GARRELS: I think it began to be pretty clear in the end of 2005. And repeatedly would ask both the military and the American civilian administration about this and they basically told us that we were pessimistic, that we didn't know what we were talking about, but they were all living in the green zone. And the military at that point had pretty much pulled into their barracks because soldiers were coming under attack regularly. Their intelligence was getting worse and worse. And then there was the bombing of Samarra in 2006. That was the bombing of a Shiite shrine. And that just sent the sectarian violence off the charts.

MARTIN: What happened to Tar?

GARRELS: His family was in Syria but, of course, then Syria exploded. He's brought them back.

MARTIN: He's back in Iraq?

GARRELS: He stayed in Iraq, because he was afraid that his house would be destroyed or taken over and he would never get it back. And he was hoping that he could somehow get a job. But so far he's pretty much living hand to mouth.

MARTIN: You were in Iraq before the war. You covered it as it was happening. You were there for years in the aftermath. As you look back on it now, did Iraq turn out the way that you thought it would? Did it meet the expectations that you had as you reported on this war?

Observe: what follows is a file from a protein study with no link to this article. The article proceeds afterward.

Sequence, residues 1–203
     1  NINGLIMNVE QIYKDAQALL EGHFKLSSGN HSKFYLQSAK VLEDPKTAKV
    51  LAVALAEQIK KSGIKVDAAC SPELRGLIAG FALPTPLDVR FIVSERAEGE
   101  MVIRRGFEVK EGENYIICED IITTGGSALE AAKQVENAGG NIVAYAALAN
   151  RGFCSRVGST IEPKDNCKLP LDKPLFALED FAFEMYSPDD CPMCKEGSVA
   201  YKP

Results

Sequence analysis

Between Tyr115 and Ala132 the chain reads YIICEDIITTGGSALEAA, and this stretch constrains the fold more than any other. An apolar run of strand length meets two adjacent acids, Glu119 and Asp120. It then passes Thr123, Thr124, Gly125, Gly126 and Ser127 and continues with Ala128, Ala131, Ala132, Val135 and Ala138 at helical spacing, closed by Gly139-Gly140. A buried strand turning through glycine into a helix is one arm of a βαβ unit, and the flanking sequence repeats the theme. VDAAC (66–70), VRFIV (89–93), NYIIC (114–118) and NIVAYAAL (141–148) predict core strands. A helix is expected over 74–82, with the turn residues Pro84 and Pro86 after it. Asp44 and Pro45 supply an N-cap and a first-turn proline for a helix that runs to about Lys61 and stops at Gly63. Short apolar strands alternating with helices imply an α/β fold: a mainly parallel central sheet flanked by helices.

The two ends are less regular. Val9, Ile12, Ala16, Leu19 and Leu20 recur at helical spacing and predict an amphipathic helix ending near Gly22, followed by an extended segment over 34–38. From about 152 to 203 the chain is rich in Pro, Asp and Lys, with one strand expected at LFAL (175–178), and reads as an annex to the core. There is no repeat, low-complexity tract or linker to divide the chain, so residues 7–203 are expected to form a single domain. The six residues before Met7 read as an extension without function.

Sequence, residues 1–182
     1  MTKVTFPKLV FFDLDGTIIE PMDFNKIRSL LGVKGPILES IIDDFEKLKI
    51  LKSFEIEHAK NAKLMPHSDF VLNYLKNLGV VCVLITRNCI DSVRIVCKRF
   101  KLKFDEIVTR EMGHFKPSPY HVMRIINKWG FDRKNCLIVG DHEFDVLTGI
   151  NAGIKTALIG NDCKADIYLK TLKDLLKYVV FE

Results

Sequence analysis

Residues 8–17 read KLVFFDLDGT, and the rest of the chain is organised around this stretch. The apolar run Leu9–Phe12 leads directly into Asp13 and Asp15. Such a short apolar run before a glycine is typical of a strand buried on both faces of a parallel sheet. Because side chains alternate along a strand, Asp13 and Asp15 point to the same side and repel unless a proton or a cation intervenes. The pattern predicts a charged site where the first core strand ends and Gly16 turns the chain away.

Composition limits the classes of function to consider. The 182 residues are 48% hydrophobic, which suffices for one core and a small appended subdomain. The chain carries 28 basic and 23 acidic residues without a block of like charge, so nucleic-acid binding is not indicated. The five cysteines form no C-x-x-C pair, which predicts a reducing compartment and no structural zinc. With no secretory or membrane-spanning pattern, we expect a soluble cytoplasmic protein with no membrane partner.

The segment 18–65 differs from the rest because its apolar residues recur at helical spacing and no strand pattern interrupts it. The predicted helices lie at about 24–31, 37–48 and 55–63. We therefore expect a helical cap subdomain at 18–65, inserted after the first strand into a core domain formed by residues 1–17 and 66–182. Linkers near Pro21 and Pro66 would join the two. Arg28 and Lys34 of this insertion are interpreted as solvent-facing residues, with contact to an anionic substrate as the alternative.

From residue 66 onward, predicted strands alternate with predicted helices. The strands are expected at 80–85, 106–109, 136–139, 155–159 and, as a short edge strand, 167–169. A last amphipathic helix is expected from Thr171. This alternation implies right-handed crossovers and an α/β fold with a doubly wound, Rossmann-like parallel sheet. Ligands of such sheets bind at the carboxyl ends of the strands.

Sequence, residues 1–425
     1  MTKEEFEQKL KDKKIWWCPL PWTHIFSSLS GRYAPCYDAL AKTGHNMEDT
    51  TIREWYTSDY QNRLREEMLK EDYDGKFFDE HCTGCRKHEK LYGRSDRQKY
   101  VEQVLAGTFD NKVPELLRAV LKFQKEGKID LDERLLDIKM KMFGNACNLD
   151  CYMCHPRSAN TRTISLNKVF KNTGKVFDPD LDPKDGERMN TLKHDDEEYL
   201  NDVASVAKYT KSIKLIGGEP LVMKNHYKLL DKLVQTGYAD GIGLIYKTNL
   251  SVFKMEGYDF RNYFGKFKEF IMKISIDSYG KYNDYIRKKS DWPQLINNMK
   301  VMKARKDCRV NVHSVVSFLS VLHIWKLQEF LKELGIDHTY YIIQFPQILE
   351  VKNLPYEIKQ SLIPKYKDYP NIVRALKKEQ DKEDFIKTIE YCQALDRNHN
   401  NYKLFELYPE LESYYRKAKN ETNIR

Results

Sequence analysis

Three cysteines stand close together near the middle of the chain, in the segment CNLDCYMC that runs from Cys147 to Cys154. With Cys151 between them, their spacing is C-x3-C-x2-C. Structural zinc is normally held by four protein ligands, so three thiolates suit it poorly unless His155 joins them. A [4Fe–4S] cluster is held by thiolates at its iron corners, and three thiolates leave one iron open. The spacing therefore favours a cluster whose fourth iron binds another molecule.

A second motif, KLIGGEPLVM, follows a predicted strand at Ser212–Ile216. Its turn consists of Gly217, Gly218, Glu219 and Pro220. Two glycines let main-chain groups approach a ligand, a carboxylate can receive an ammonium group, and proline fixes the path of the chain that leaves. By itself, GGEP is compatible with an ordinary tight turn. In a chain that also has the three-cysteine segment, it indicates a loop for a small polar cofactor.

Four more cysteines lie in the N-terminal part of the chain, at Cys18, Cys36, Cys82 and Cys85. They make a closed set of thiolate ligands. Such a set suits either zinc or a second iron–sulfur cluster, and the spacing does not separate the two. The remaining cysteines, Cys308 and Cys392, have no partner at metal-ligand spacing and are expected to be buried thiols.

Not at all. I did not realize that the U.S. would be so ill-prepared. It was a terrible waste of money and lives. You know, Iraqis certainly don't love us any more for what we did there. We really have gained very little. It's good that Saddam is no longer there but the situation is far from resolved. All of this, you know, the sectarian issues, the security issues, the country is sliding more and more into an authoritarian regime. It is a tinderbox waiting to explode again.

Anne Garrels. She served as NPR's Baghdad bureau chief for much of the war. Anne, thanks so much.

GARRELS: Thank you.